Posted by Sergei Lemberg, Esq. on April 29th, 2008
Continuing on our international theme, I found this article about the Lemon Law in India, of all places. Having traveled to India recently, I was pleased to see that lemon laws exist in that part of the world.
The fellow described in the article has just apparently won relief from the Delhi Consumer Commission which directed the car maker to replace the vehicle’s defective engine
The car maker was directed by the government agency to replace the engine of the car purchased by Jitesh Kumar Gupta with a new one and also pay a compensation of Rs 10,000 ($249.00) for mental agony and harassment in addition to the cost of litigation.
Gupta had noticed a knocking noise in the engine of his Santro Car soon after its purchase from in November, 1998. As is common across the globe, the car manufacturer denied liability. Mr. Gupta proceeded in Court and eventually won.
Though I note it took him 9 years to finally get the relief he sought in court. I guess something is better than nothing, and I’m glad that persistence paid off for Mr. Gupta, though I wonder how my impatient clients would react if their cases took that long to resolve.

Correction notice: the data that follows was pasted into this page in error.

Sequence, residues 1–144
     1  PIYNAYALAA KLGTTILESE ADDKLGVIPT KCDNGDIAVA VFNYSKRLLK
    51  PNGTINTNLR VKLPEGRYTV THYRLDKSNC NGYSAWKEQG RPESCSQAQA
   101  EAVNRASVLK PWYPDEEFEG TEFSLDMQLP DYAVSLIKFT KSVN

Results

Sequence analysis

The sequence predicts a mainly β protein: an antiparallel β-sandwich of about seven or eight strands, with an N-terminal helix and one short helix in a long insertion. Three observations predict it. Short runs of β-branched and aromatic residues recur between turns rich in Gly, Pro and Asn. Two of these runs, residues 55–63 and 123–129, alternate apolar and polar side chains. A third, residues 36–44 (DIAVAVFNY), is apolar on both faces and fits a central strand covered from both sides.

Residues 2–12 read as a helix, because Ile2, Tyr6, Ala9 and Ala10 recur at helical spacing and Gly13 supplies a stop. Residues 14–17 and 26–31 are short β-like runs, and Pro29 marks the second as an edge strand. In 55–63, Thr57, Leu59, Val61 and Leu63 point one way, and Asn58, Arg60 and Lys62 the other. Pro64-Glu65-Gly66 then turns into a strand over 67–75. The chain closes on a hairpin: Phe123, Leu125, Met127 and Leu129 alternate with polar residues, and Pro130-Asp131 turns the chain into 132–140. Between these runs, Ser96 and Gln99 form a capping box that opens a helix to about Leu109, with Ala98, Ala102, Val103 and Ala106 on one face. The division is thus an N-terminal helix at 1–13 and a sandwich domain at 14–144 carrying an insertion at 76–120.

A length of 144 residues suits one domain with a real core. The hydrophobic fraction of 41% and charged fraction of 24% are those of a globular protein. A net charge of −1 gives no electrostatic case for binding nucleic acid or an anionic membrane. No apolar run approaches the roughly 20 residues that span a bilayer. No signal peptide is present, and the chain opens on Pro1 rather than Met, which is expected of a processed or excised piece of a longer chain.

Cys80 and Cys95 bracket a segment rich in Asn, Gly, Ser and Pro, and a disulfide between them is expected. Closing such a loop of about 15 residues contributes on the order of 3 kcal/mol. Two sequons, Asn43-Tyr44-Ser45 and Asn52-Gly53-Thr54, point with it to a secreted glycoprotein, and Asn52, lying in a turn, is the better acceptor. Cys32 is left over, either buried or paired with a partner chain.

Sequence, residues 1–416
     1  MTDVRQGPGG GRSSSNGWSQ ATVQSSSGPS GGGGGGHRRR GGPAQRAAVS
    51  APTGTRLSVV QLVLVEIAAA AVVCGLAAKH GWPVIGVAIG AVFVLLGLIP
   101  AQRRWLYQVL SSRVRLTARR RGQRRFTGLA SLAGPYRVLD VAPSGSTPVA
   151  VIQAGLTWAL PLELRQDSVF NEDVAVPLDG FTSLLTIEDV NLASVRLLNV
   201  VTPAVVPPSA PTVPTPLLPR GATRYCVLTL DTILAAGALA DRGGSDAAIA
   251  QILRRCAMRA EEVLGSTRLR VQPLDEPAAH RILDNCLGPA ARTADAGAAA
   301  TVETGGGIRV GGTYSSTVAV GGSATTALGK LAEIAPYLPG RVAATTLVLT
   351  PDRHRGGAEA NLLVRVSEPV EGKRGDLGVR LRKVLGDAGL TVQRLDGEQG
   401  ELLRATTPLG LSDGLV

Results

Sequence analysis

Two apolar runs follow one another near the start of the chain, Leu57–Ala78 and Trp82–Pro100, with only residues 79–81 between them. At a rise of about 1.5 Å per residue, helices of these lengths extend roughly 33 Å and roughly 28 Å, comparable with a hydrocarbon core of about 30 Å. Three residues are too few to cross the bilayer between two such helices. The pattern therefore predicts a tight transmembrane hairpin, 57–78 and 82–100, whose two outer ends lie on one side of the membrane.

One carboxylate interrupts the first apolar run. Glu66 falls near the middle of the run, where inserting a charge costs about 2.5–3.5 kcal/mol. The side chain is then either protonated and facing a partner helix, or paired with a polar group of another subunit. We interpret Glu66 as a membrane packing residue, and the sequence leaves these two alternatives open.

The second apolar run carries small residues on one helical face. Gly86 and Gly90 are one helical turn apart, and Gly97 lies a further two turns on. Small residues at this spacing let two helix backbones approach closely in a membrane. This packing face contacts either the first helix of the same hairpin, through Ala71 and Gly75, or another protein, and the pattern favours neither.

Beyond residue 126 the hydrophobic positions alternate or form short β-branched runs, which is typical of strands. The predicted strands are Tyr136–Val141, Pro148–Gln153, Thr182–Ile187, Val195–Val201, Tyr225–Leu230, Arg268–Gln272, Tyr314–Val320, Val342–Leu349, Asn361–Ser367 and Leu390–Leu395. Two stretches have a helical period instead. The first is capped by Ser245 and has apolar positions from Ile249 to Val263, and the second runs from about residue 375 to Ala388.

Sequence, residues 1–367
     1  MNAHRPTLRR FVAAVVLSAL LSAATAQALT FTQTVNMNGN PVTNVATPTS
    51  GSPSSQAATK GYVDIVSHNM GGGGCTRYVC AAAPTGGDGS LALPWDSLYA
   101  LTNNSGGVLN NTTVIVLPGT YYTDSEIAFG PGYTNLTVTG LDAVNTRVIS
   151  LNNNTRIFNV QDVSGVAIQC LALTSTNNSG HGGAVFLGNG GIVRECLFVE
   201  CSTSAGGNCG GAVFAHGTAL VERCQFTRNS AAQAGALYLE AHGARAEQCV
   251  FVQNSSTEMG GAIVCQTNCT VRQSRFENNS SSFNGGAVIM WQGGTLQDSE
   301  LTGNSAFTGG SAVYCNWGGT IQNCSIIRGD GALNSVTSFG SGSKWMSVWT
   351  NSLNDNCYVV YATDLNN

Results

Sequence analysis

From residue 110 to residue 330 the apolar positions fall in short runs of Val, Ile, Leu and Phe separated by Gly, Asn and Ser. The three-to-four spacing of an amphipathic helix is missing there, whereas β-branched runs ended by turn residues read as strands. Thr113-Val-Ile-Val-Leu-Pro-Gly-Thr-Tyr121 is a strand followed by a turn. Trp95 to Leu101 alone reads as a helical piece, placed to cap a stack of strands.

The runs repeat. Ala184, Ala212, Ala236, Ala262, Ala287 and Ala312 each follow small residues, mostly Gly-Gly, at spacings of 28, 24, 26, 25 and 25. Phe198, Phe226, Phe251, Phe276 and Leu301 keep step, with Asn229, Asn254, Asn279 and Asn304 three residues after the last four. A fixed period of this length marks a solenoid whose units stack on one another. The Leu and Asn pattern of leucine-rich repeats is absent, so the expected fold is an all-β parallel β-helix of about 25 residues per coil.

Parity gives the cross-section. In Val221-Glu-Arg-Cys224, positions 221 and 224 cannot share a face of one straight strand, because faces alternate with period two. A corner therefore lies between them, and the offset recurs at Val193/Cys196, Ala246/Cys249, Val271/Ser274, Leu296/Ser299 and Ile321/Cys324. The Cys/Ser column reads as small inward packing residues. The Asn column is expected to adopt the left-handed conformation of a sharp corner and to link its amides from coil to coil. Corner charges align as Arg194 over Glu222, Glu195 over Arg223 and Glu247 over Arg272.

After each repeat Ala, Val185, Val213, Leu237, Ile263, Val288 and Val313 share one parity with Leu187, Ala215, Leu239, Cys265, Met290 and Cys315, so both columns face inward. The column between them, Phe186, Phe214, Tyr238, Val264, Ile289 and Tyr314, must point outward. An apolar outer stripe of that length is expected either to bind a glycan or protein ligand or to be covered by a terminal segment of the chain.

Posted by Sergei Lemberg, Esq. on April 28th, 2008
Carolyn Elefant, who is an inspiration to hundreds, if not thousands of lawyers starting their own shop, recently wrote about a New York immigration attorney who ran a volume immigration practice. Aparently the fellow ran into trouble with the lawyer oversight folks for taking on too many clients at low dollar figures, which inevitably jeopardized the quality of his work. The problem:
Liu’s carelessly written form briefs (where he sometimes neglected to change the sections describing the facts) ultimately landed him in hot water with the Second Circuit, which referred him to the court’s disciplinary committee for his “seriously deficient work.”